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Old 11-11-14, 07:47 PM   #1
AC_Hacker
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Default Preparing for Infrastructure Lapses...

Sorry, I just couldn't think of a better title. I thought of "Preparedness" and I thought of "Surviving... etc.", but they all sounded so 'Guns and Dogs, and Bags of Beans', and I've been down that road, and that's just not where I want to go anymore.

But I think that preparing for temporary lapses of the infrastructure seems very much more civilized and realistic and likely to happen, and easier to prepare for. I can live with that one.

Case in point:

A month or so ago, the power went out, when it was night. I was lucky to remember the general area where I had last left my flashlight, and I "brailled" my way around in total darkness for 5 minutes or so (seemed like five hours) until I found one tiny LED single AA cell flashlight.

That helped me find other stuff. So I used the inconvenient moments to take stock...

Here's what I didn't have:
  • No house lights
  • No electric cooking (resistance, induction, microwave)
  • No Internet
  • No telephone (I have no cell, I use IP-phone)
  • No mini-split heat (it wasn't very cold then, so no problem)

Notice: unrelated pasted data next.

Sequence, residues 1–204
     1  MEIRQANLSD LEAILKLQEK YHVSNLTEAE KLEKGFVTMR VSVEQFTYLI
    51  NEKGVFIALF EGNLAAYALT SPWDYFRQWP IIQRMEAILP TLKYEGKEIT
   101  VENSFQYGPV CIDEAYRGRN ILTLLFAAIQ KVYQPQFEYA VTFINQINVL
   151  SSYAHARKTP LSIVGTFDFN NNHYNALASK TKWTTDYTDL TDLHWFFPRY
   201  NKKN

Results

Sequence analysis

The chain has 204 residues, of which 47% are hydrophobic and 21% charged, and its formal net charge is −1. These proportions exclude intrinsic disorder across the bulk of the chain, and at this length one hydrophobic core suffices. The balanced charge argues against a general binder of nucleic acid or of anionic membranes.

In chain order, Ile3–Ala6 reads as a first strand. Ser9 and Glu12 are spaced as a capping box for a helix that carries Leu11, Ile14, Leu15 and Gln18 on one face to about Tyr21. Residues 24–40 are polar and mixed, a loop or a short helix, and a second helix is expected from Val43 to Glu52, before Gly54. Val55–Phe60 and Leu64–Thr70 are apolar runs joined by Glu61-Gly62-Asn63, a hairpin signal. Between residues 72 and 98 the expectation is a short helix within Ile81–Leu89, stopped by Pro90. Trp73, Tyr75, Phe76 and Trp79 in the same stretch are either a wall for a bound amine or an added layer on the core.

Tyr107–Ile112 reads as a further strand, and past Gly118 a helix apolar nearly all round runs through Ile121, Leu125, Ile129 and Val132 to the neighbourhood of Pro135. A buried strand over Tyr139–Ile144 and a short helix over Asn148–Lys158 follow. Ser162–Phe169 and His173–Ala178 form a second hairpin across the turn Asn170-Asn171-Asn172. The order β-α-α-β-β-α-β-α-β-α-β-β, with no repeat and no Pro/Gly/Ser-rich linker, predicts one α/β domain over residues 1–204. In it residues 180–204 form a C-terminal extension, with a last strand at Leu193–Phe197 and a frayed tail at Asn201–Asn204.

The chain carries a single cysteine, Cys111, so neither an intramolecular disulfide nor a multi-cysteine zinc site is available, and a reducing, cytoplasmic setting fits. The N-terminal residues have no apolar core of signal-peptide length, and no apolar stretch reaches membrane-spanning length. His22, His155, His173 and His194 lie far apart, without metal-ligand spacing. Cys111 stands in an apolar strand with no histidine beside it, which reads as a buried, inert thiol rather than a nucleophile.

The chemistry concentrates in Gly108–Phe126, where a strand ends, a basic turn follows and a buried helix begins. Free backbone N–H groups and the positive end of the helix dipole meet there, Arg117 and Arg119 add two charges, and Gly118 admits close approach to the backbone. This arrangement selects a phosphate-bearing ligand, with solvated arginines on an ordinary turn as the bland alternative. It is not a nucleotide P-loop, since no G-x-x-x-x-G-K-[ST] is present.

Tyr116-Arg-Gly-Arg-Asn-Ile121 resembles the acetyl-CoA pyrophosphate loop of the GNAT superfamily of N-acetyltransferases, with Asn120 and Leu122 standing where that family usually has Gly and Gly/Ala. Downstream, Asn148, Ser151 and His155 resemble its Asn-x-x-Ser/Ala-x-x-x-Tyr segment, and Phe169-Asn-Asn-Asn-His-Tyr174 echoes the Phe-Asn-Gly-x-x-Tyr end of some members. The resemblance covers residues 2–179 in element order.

• No TV
  • Dead refrigerator
  • Dead freezer

Here's what I did have:
  • Natural gas cook stove
  • Heat from the stove's oven
  • Hot water (NG demand DW heater ignited by D-cells)
  • Water (hot & cold)
  • Portable battery-powered radio
  • A refrigerator full of food
  • A freezer full of food.

Honestly, the first thing I did was to take a nice long hot shower because my gas demand water heater is always ready, and because I could. It made things much better.

But it was quite startling to be in the midst of an outage (could have been a crisis, but it wasn't) and not have any communications. I couldn't even communicate my plight to anybody... that is a problem.

Especially vexing because I know that the phone line (my dsl) is working... (at least, The Telco has it act together).

But my connection to the Internet is out because some low voltage devices:
  • my Internet modem 12V
  • my IP phone adapter (Ooma) 12V
  • my cordless phones 9V
...are not functioning because of no 120 VAC power.